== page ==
MYAKKA -- Using social media outlets like Facebook and Twitter, married couple Matt Maier and Karen Ziv have documented their transformation from San Francisco-based computer technicians to incorporated agricultural producers in Myakka over the past year.
Ziv also blogs routinely, describing the learning process and development of their business, Little Manatee Farm, and why they chose to leave the urban life behind for a more self-sustaining, and hopefully prosperous, life in Florida.
To their surprise, farmers, ranchers and total strangers from across the country have contacted them through social media, offering tips and asking questions about their products.
Social media has finally hit the farm.
"If we get people engaged in what we do, they'll follow our product," Ziv said.
Using social media is becoming more prevalent in Florida's agricultural industry overall.
"I think it's definitely something new for the industry," said Mary Ficek, com
munications specialist for the Florida Farm Bureau. "We're not used to talking to our consumers through the Internet."
Ficek said farmers have realized the importance of communicating to younger generation.
"Something like Facebook or blogging is good because you can communicate instantly," she said. "It builds an appreciation by the consumer.
That's a dynamic the King family in East Bradenton is learning day by day. Ben King and his family run a farm and farmer's market at 4630 60th St. in East Manatee. Over the past year, they've used Facebook to market their products and say social media has helped interaction with consumers.
"It definitely has," said Shelby King, Ben's wife and operator of the market and Facebook page. "It's really cool because we have dialogue about what we're picking and people have questions of what we're growing."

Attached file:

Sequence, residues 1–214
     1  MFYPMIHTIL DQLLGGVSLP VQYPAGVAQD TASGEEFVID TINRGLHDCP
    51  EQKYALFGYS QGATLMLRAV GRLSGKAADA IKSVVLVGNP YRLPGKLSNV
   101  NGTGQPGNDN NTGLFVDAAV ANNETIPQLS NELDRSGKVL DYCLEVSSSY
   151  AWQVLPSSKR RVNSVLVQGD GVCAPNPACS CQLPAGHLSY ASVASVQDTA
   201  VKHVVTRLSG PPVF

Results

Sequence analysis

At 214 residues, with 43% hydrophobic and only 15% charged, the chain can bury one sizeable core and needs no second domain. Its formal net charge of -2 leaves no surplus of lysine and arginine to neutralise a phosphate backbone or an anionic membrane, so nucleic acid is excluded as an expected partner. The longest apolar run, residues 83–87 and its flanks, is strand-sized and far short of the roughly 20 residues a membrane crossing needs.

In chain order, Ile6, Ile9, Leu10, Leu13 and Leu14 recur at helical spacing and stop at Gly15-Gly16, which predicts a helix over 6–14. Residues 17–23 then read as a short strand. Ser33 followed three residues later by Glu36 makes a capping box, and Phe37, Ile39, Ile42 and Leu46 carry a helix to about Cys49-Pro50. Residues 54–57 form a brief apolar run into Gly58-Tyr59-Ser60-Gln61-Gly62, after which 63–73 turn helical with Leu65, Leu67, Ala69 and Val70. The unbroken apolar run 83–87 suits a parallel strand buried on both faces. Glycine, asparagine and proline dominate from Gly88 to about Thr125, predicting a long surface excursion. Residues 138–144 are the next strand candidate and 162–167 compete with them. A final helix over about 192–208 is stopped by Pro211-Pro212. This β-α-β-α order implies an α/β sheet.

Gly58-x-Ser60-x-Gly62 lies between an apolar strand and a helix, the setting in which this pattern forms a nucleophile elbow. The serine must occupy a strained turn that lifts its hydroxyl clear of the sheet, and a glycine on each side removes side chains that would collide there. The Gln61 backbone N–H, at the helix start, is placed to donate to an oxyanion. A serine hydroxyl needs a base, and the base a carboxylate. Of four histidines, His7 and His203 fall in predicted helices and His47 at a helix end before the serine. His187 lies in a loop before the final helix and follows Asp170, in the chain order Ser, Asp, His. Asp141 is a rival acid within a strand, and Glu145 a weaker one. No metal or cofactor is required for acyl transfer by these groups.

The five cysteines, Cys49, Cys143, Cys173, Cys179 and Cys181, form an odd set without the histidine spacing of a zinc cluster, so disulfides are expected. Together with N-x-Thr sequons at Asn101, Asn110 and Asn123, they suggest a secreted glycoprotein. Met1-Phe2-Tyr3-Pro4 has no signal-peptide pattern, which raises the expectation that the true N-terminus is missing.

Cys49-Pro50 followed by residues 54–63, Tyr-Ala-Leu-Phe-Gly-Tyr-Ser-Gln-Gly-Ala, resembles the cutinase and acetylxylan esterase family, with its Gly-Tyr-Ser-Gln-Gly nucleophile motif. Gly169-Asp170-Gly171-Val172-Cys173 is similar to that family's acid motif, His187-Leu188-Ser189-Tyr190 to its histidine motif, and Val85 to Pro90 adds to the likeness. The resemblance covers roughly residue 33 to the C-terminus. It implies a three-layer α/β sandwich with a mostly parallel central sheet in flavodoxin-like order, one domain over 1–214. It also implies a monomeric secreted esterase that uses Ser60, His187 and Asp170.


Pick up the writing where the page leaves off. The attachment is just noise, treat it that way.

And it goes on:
The Internet has also become a tool for farmers and ranchers to communicate with each other.
"When you feel overwhelmed, you share something and people say they're dealing with the same thing," Maier said.
One organization in particular, The AgChat Foundation, was created two years ago to empower those in the agricultural business to use social media. The foundation holds annual conferences and teaches farmers, ranchers and anyone involved in the industry how to use social media and target an audience.
"It's really important because it's a great way farmers can communicate with consumers," said Kathy Swift, one of the foundation's founding members who lives in Gainesville. "Consumers have questions and the retailer can't always answer. People have concerns about how their food is made."
Swift said the foundation initiated from several conversations between members of the agricultural industry on Twitter. Eventually, she said the foundation will create online training and conduct regional conferences.
Stolen Horses International, a non-profit organization better known as the Net Posse, uses the Internet to send out alerts to law enforcement agencies, business groups and volunteers across the globe with a report of missing horses. The Net Posse has over 2,000 open cases of stolen horses and has helped locate hundreds of animals, all with the click of a button.
"People don't realize they can categorize missing horses as theft," said Debi Metcalfe, president and founder of Stolen Horses International. "We post the reports and send out alerts."
The Net Posse has worked cases in the Manatee area, as well as in the United Kingdom, Ireland and Belgium.
Maier and Ziv have yet to launch an official product because they are in the process of becoming approved by Farmer's Home Administration and Department of Agriculture. They have cows, chickens, goats and pigs and plan to operate within locate farmer's markets. When they do provide products to the community, they'll be prepared to market their products to the masses with a click of a button.
"I'd like to set an example for small farms and other business," Ziv said.
Nick Williams, East Manatee reporter, can be reached at 941-748-0411 ext. 7049. Twitter:@_1NickWilliams